“I wanted the Adversary to be Peter Pan. Even when I was a kid, I couldn't understand why he was considered the good guy in these stories. Basically, he would come to our world and steal our kids. That just seemed pretty sinister. I thought, ‘Okay, we'll do a little turnaround on that, and make Peter Pan the evil Adversary, and that means that Captain Hook and his pirates were really a crew that were going to Neverland and rescuing these kids, and they were painted as pirates only because Peter was doing the press releases.’”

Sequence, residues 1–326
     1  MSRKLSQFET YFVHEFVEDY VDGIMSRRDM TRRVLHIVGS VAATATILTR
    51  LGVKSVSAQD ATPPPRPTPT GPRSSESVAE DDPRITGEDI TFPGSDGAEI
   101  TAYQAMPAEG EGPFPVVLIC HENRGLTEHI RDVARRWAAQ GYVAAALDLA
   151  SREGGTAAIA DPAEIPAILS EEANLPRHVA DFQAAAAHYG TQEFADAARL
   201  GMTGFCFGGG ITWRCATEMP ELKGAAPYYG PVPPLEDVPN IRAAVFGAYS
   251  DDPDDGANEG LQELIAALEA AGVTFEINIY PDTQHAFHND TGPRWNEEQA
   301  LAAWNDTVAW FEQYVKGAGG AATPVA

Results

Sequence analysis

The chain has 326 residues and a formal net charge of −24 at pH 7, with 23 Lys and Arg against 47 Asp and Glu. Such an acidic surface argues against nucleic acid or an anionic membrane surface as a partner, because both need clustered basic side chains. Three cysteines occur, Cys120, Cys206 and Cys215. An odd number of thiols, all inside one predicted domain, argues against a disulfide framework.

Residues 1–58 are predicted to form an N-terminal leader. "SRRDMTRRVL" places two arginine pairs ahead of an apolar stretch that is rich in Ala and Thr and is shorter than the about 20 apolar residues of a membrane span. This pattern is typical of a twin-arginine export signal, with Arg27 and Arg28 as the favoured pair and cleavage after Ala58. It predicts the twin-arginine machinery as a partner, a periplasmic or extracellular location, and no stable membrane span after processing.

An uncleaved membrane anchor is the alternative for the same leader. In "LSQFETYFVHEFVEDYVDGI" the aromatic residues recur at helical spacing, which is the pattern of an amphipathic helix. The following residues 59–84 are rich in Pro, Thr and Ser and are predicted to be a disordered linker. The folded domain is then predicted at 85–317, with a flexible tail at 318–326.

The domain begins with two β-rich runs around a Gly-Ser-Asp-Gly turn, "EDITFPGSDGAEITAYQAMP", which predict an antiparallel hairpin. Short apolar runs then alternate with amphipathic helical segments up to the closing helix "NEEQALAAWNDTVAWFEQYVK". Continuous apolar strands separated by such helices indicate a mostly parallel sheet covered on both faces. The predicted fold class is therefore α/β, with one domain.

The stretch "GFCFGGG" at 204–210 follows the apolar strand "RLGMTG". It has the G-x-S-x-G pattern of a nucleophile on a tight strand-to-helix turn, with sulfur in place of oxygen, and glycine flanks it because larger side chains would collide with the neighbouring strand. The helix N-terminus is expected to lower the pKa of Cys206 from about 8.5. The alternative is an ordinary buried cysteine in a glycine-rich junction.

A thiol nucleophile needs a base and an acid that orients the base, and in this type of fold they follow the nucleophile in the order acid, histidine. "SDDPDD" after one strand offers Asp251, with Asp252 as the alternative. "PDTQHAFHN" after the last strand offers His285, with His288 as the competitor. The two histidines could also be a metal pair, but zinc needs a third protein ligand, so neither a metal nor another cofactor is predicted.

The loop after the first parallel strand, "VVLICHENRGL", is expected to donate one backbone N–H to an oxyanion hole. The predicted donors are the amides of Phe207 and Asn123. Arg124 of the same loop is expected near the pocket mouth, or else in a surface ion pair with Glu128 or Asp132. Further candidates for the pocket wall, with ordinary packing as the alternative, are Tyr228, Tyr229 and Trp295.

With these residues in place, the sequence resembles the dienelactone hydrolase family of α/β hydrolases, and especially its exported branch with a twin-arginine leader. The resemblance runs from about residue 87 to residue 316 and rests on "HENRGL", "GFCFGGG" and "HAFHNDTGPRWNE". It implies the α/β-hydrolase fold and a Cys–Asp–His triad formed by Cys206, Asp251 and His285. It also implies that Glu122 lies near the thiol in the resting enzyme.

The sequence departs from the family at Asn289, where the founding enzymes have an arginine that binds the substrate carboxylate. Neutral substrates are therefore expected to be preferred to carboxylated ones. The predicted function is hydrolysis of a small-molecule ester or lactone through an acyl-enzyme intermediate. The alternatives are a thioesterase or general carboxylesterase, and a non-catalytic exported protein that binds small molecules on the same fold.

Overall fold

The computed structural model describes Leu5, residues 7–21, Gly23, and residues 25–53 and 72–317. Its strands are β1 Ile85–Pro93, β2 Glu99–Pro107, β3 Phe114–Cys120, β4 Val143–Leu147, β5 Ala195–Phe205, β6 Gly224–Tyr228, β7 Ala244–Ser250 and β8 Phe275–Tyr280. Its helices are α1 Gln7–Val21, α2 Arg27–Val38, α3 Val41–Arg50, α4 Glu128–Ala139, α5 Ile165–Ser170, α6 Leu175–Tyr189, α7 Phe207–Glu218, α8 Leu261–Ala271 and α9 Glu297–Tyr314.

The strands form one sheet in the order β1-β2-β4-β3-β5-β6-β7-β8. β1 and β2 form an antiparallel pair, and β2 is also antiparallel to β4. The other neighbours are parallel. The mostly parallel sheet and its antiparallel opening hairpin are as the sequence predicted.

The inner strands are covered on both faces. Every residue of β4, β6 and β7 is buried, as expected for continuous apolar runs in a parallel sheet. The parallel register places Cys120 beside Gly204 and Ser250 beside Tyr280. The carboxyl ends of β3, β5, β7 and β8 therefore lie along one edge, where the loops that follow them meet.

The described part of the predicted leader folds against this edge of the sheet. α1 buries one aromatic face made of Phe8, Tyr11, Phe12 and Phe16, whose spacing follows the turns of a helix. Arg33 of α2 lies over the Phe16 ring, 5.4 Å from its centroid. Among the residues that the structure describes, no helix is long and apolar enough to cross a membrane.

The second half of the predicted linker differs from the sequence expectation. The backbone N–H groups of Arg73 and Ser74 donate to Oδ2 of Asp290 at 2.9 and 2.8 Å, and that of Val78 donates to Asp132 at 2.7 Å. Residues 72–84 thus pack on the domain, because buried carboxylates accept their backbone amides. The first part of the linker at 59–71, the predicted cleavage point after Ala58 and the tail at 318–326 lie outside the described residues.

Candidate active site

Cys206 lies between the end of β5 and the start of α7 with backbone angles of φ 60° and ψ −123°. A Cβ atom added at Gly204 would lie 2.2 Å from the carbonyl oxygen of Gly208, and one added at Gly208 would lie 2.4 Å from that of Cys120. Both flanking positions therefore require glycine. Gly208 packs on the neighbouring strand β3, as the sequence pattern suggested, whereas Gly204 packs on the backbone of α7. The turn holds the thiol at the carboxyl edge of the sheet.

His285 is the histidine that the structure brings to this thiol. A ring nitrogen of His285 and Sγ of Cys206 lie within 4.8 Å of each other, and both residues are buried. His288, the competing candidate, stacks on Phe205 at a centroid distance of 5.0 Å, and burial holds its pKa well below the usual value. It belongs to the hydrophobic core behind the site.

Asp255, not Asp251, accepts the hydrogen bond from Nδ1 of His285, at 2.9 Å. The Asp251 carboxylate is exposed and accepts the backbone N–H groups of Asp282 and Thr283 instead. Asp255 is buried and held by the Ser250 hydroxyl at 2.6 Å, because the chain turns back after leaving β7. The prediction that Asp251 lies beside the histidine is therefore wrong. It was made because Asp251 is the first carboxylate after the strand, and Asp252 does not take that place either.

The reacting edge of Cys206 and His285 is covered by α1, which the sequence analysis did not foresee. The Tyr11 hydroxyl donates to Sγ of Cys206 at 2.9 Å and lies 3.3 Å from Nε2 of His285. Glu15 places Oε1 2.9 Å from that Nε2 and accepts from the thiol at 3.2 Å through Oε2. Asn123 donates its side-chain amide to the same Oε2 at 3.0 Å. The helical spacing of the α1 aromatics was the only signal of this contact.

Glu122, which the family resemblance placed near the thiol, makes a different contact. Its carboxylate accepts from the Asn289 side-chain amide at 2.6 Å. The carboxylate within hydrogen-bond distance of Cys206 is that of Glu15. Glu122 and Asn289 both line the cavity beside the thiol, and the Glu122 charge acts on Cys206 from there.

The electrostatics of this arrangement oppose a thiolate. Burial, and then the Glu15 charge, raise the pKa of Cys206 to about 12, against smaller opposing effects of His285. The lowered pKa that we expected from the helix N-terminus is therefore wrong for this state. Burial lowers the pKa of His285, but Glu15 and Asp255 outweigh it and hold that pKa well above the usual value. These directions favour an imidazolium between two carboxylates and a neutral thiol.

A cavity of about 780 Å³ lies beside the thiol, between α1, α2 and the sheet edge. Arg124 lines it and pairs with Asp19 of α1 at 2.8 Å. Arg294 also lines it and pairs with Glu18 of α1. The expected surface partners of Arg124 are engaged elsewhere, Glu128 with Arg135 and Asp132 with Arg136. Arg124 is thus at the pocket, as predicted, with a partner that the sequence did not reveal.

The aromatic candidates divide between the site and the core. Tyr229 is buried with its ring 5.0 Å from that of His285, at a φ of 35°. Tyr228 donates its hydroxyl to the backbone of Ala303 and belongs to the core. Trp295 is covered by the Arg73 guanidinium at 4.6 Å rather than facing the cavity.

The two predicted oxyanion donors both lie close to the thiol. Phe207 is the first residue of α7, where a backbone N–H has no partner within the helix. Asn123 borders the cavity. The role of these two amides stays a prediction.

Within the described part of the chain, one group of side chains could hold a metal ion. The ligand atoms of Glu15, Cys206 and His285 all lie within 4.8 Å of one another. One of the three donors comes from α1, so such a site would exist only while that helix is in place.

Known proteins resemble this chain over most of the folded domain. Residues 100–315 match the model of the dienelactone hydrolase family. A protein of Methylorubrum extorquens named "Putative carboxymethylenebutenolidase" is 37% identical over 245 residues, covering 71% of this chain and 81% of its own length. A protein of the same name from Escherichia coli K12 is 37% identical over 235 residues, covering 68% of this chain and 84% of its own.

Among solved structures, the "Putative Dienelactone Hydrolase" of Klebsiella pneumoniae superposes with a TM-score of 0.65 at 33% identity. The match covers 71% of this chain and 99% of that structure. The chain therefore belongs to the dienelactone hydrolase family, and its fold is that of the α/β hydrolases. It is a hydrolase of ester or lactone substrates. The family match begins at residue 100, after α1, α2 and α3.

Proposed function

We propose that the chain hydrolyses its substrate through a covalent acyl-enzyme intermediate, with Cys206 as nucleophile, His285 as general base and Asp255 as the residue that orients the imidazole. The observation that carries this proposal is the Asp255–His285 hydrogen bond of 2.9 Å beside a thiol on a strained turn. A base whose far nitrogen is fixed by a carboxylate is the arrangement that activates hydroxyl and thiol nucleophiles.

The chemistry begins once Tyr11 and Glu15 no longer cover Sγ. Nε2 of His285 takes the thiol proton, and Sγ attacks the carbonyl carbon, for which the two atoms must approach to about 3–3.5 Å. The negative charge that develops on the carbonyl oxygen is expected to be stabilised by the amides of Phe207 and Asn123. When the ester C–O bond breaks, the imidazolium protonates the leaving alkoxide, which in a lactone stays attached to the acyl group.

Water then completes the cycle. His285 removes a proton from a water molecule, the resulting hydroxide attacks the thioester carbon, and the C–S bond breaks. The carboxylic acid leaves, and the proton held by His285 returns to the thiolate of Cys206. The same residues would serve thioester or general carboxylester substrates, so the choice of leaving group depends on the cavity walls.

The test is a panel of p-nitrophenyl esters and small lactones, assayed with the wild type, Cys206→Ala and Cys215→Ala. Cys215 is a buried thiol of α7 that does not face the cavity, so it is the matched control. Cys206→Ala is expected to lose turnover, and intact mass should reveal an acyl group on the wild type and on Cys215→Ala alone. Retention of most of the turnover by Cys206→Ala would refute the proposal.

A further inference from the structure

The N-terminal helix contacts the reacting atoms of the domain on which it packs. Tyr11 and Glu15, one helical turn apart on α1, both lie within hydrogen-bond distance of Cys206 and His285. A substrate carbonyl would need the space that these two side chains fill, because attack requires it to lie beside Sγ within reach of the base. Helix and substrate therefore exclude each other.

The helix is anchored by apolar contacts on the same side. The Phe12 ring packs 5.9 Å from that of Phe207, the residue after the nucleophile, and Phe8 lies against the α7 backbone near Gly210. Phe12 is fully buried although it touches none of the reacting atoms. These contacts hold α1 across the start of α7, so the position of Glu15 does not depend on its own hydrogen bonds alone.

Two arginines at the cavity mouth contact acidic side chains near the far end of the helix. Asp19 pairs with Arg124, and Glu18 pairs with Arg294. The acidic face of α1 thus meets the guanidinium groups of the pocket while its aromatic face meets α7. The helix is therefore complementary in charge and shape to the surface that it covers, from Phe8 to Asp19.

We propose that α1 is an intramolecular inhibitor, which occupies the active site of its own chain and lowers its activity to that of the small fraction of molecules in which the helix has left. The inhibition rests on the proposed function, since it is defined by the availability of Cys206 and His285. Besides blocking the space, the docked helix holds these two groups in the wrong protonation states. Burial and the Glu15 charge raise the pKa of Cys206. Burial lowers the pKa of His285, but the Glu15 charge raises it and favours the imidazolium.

It looks like Once Upon A Time is going to take that idea and run with it, turning Peter Pan into a little boy-snatching forever-child who rules over his magical domain with an iron fist (or at least the shadow of an iron fist). This is all hypothetical because we don’t see Peter Pan proper at all in this episode, but when Wendy returns from Neverland, she’s terrified for the fate of her brothers, one of whom the Shadow is coming for that evening. The kids stockpile whatever weaponry they can create from everyday households objects, but it’s no use against a magical force from another dimension, and ultimately, Baelfire sacrifices himself to save Michael and keep the Shadow away from the Darling family. He goes on a green screen journey through the London skies and when he gets to Neverland, he lights a match and gets the Shadow to drop him over the sea. He’s pulled out of the water by Captain Hook, setting up a new fairyback thread to be picked up next season while present-day Neal gets similarly trapped in another world.